Friday, 9 November 2012

Syncretism - is it a sin?

It appears as if, in modern Church parlance, syncretism is a word used to define a meeting with those of other faiths; Christian or Heathen or Pagan.

Raijin - Japanese god of thunder - not for  Year 3s

I would be open to the view that some good could be the fruit of such meetings but only on the proviso that they were conducted formally with leaders of the faith rather than the faithful and on neutral ground.

Of course, the objective (our objective) must be to spread the light of Christ among those upon whom it has never shone.
Presumably, we would do this in a polite manner, making certain points and teaching through discourse and example.

I think that, if indeed, that is syncretism, then it should be regarded as a good and wholesome thing that Our Lord would approve of.

But I am afraid that this word is being used too loosely and that it has become the 'in word' for ecumenical meetings and shindigs.

Taking class four to a synagogue could have some merit if the visit was enshrined within the RE syllabus. Possibly.

Shunting secondary school students to a mosque would be of dubious benefit; as would a visit to a Hindu Temple.
Why? Because there is a  danger of being drawn into pagan or heathen practices.

 Clapping hands before a Shinto shrine is a form of worship encouraged by one's hosts in Japan and it is hard to back out of that potentially volatile situation. I have visited the country often and have found that the best way to cope is to politely refuse and, instead, make a sign of the cross.
That act is respected by my Japanese hosts and it does not cause offence.
To do the same thing in a mosque would, in all probability, cause offence.

At a Hindu Temple it would be natural for visitors to receive the red spot on the forehead, bindi as it is called.

Bindi has a spiritual and social function, here is how its spiritual function is described:

".....I'll start with the Spiritual purpose as it is the most important one of them all. As per Hinduism the purpose of life is to find your true self, to realize the Infinite Reality. Every morning one takes a bath and sits in prayer, (not to say prayers like a parrot), to seek for the absolute truth through every ritual and prayer. However, one has to make a living and cannot sit in prayer the whole day. Thus, as one leaves the prayer room one is expected to put some mark on one's forehead (between the eyebrows - which is the seat of memory) to remind one during the day and through all activities of the 'purpose of life'. As we cannot see the mark on our own foreheads when we see it on another we recall the purpose of our life. The idea is to remember that all actions in the external world are dedicated towards the achievement of this supreme goal of self realization. The purpose is to recall the purpose, reflect and contemplate upon Reality in and through all activities throughout the day".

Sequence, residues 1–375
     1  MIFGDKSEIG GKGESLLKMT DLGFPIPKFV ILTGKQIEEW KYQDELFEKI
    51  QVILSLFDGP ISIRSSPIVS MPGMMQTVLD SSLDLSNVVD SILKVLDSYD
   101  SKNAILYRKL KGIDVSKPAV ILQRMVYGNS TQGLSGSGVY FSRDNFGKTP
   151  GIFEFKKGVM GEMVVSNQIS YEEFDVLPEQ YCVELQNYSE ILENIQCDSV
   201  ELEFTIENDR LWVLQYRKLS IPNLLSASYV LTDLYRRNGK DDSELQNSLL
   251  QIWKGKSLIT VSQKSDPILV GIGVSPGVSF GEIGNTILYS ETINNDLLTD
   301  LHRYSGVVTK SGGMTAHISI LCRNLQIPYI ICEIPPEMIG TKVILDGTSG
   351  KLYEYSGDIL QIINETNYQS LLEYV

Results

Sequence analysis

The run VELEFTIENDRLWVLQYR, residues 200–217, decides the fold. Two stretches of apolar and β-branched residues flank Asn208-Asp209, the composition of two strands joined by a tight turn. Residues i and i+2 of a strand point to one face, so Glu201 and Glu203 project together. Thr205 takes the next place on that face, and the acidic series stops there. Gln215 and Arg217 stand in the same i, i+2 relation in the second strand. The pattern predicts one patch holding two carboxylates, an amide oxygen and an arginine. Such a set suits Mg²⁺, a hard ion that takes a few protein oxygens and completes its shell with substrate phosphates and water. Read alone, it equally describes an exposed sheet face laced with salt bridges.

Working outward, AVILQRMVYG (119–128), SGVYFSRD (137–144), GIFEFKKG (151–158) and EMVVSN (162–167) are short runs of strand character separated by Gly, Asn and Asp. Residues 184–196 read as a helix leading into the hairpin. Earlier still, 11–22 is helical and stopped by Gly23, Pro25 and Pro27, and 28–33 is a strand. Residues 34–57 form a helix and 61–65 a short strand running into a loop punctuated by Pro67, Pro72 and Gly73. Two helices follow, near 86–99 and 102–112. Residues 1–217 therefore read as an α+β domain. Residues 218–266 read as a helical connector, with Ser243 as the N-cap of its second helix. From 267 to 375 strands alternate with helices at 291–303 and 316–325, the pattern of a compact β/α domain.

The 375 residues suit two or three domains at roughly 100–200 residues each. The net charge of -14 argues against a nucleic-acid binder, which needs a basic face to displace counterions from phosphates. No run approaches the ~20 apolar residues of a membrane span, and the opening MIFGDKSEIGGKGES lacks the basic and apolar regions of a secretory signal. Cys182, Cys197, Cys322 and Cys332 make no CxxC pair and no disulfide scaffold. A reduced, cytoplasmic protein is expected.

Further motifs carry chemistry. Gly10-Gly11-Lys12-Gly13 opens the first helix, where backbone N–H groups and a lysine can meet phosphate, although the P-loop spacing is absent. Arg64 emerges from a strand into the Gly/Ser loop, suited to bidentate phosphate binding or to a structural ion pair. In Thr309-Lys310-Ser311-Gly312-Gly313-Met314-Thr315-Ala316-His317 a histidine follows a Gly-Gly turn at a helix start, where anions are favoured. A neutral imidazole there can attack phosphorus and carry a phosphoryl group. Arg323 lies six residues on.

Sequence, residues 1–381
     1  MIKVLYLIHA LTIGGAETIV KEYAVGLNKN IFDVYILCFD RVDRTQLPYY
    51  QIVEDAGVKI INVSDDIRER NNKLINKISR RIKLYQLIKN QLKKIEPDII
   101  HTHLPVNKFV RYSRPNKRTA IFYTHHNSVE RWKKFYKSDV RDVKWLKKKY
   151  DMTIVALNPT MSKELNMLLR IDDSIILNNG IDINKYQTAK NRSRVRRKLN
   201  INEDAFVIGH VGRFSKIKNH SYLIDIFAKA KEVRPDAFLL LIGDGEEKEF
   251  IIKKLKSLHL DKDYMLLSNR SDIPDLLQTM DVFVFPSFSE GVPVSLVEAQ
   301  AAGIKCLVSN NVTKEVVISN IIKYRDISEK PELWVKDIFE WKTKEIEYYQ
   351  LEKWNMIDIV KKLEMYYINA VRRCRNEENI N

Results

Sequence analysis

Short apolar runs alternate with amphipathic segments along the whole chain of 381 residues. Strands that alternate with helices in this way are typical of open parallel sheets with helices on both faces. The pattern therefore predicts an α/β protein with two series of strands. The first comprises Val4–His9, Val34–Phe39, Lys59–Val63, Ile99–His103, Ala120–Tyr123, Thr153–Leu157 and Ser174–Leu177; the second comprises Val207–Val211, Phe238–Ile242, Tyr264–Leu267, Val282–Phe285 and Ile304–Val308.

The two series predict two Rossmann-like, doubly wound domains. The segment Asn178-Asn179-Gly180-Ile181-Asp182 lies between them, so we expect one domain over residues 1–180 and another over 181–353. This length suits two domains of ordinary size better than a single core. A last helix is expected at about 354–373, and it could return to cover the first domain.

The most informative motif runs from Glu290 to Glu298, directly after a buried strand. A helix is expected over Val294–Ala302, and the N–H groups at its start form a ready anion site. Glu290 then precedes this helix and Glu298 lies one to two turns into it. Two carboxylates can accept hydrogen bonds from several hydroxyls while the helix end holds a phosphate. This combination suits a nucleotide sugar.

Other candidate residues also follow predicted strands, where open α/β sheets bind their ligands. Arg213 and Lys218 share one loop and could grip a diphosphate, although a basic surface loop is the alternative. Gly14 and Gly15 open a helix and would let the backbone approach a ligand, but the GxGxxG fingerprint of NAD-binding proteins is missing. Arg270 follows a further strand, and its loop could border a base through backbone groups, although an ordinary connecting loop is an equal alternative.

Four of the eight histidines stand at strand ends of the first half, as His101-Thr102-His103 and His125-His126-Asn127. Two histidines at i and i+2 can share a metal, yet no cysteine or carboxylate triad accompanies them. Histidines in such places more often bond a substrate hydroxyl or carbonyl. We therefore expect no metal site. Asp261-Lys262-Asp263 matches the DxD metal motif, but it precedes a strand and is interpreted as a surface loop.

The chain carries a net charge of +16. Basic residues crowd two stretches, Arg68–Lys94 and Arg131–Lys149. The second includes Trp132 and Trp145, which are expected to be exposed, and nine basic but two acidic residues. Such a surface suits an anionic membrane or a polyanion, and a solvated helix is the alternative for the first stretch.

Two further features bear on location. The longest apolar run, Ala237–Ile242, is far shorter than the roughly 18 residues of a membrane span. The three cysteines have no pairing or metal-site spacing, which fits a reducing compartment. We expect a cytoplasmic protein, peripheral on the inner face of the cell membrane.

That's a definite "no go area" as far as we are concerned.

Now Patricius has informed me that I should have consulted Nostra Aetate from the Vatican Archives, on the subject of inter faith dialogue.
I have now done so and find nothing that contradicts anything that I have written so far.

Nostra Aetate is aimed at those wishing to have dialogue with non Christian religions; dialogue aimed at creating a level of understanding.
It says nothing of organising parish jamborees or school groups where the object of the exercise would seem to be extremely dubious at best.

And, I still maintain that to participate in non Christian ceremonies (and non Catholic ones) falls under the category of relativism and a few other isms as well.

It is a mortal sin to take part or appear to take part in prayer services or rituals that are not dedicated to the one true God.

Or, has someone moved the goal posts?


  1. Sorry. My reference to Nostra Aetate was not intended critically. I just think it is useful in that it is the most authoritative statement of the Church's relationship to non-Christian religions. My, admittedly somewhat basic, understanding of it is that it promotes dialogue but clearly rejects any fudging.

    As for syncretism - it just strikes me as totally bonkers.

  2. Richard, Patricius - my understanding (perhaps erroneous, is that syncretism involves commingling Catholic beliefs or dogmas with inconsistent beliefs or dogmas from other religions.

    For example, it is syncretic for a Catholic to believe in reincarnation, or a non-Triune God, or Gaia.

    Inculturation, on the other hand, can be a useful missionary tool, as it involves retaining, but also adapting, non-Catholic customs or practices.

    I read a moving account years ago of a Mass somewhere in Africa, at which, when the Host was elevated, an Honour Guard of men dressed in leopard skins and bearing spears, surrounded the Altar. This was the tribal tradition whenever the king was in public, and all the more appropriate when the King of Kings appears in the Flesh.

    If I am mistaken, my apologies. As to interfaith dialogue, unless it has missionary intent, it seems a waste of time.

    God bless!


  3. Patricius, I took your comment as advisory rather than critical, many thanks. Chris, you are, I am certain, correct. It is just that the 'S' word is used as a cover for all activities rendering it, almost, respectable. Even inculteration has its difficulties as, in S Africa some ten or so years ago, the bishops allowed live animals to be brought up at the offertory. Within a very short space of time it then became common practice for witch doctors to then ritually kill them on the sanctuary. It may still be going on for all I know.